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Eyes Over 40

Eyes Over 40

Female stretching out a book to readFor most of us age creeps up on us usually in our 40s.  One of the sure signs of this is the change in our eyes.  It seems all of a sudden we have a lack of ability to see close up - we have trouble reading the label on a pill bottle, or reading the menu in a dim restaurant.  This is normal, and it is known as presbyopia, which in Latin literally means aging eyes.

We can’t escape presbyopia.  Even those who are near sighted will start to realize that their ability to focus up close blurs when wearing their eyeglasses that correct vision for distance.

Presbyopia Symptoms and Signs

When presbyopia hits, you find that you need to hold things like newspapers, your smart phone, iPad, or restaurant menus further away than normal.  This is a sure sign, and usually you will go through a bit of denial until you finally realize it that you are there - you need glasses. 

What Causes Presbyopia? 

In a nutshell presbyopia is caused by age.  While you may be taking great strides to keep yourself young - by going to the gym, watching what you eat, and dying your hair - the lenses in your eyes start to get harder and less flexible.  It's a natural process, and this is what makes it harder to focus up close. 

Presbyopia Treatment: Eyewear

The easiest and most common way to overcome presbyopia is with bifocal or progressive lenses.  Bifocals have two distinct parts - the top of the lens is for distance and the lower portion is for reading and close work.  Bifocals have a distinct visible line that separates the two lens corrections.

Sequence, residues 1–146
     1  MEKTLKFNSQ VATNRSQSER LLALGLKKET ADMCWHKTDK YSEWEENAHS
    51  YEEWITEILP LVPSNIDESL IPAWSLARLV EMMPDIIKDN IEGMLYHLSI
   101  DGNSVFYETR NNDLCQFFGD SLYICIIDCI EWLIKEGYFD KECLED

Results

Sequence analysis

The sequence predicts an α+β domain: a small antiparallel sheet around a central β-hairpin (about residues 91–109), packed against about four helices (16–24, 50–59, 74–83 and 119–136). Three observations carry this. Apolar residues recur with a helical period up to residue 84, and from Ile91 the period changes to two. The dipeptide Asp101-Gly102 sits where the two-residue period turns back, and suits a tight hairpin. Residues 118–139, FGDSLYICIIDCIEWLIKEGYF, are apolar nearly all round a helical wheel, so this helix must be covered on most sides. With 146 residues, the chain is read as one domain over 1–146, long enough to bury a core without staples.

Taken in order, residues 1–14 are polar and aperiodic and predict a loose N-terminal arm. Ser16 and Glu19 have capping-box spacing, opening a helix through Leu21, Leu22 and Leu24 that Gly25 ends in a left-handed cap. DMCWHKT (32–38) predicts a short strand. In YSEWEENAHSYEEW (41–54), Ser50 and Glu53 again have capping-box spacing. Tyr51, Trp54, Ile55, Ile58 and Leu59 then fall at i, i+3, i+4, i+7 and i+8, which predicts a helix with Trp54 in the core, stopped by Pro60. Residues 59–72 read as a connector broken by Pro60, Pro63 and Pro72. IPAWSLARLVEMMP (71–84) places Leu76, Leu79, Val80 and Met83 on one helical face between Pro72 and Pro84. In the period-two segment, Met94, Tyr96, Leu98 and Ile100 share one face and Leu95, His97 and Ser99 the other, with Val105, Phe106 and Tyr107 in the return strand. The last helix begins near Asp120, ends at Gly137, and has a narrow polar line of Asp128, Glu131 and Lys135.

Progressive lenses, while similar to bifocals by allowing you to see both near and far, make the transition between the two corrections gradual.  This gradual progression has two advantages: it allows you to have some correction for the area in between near and far, and most importantly for many, it eliminates that distinct visible line between the two corrections.

Another solution would be to wear single vision reading glasses.  This solution is mainly recommended if you do not need correction for distance, or if you wear contact lenses.  Reading glasses will need to be taken on and off as you switch your focus between near and far.  For example, they will be great for looking at a book, but when you want to look across the room everything will be blurry unless you take them off or peer over the top of them.

Keep in mind that the lens in your eye will continiue to harden as you age.  Therefore, your eyeglass prescription will change over time.